If your love interest makes you feel bad or guilty for questioning him, that is usually a sign he is hiding something. If he tells you that you need to prove your love for him, that would be standard operating procedure for a con man or scam artist who wants your money or property. Love means never having to say, "I'm stupid."

6. Beware of Falsehoods and Inconsistencies

If he makes promises and breaks them, if his story changes and he can't keep his facts straight, if the endless attention and compliments he paid you in the beginning of your relationship have turned into control and anger the more serious your relationship becomes, that is a bad sign. If he frequently tells you that he never said something and that you misunderstood him, he is having problems keeping his story straight because part or all of his story IS NOT TRUE. If he gets angry with you when you catch him in a lie, that is a huge, flapping red flag. If his life is not an open book to you, then your checkbook should not be an open book to him.

7. Beware Pushiness, Control Issues and Anger

If your boyfriend begins to act in a controlling fashion, tries to rush or push you into marriage, or tries to separate you from your loved ones, that is a clear warning that he has ulterior motives. Do NOT allow yourself to be pushed, rushed, or guilted into giving money or marrying someone if you are not 100% sure of your feelings, his feelings, and his background. If you are afraid you will make him angry if you say no, or feel like you are being manipulated, you ARE being manipulated and need to get out of that relationship.

8. Be Honest with Him

If you think your boyfriend is pushy or evasive, tell him so. Confront him with your concerns. If he is legitimate and sincere, he will try to meet your needs. A man who loves you will give you time with friends and family and will be open about his past and present. Speaking of honesty, if you are lying to your friends and family about him to "protect" him or make him look better, you are in deep trouble.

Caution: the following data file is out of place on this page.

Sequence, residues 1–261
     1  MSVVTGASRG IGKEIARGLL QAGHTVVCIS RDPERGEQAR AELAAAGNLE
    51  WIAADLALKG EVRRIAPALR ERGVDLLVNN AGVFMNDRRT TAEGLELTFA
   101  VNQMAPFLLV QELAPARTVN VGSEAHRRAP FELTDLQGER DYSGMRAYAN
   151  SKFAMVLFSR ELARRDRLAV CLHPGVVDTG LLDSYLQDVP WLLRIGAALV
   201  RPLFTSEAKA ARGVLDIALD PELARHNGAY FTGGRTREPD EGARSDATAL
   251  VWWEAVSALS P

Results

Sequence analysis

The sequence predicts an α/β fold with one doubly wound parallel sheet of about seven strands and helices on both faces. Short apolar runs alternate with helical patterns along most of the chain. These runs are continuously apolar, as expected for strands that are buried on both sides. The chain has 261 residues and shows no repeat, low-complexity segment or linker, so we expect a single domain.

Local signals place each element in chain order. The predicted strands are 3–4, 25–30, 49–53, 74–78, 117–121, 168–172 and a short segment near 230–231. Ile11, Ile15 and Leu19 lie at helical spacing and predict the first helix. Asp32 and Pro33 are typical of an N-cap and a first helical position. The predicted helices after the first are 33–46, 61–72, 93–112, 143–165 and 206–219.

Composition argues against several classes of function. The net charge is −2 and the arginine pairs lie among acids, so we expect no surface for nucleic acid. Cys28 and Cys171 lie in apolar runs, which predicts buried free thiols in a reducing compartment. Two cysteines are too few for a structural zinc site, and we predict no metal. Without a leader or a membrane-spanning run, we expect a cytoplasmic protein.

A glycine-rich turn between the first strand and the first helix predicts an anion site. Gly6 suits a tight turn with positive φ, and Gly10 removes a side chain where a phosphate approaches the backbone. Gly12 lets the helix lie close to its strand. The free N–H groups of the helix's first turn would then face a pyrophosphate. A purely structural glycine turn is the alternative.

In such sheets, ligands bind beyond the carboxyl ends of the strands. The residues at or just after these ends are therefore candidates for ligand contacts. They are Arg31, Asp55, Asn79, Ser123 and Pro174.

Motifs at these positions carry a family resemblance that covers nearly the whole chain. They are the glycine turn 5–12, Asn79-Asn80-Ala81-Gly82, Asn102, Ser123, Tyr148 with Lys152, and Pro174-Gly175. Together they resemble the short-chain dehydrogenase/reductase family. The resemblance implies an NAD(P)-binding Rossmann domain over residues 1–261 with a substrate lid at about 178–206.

9. Watch Out for the Sob Story

So, you've seen some red flags, you've been honest with him, you've expressed your concerns, and in response to your request for the truth, he tells you a sob story. It turns out he's the victim. He could have been everything he told you he already is, but "SOMEONE" did him wrong - maybe several someones: his family never gave him a chance, no one ever believed in him, someone wrongfully accused him, everyone is always against him, he was fired for no good reason... the list of woes goes on. It is NEVER a con man's fault. The world owes him. YOU owe him... and he plans to collect.

10. Be Prepared to Be the Bad Guy

If you do not fall for the con man's scheme, then you are the "bad guy." YOU misrepresented, you misunderstood, you victimized, you took advantage, you let him down, and you never loved him. It was all your fault. This is what he will tell you... and that is what he will tell his next victim if he even mentions you at all when he moves on to the next target. Remember, it is NEVER a con man's fault. They always have an excuse for everything.


All Men Are Not Pigs by Kevin Sussman -- Book Review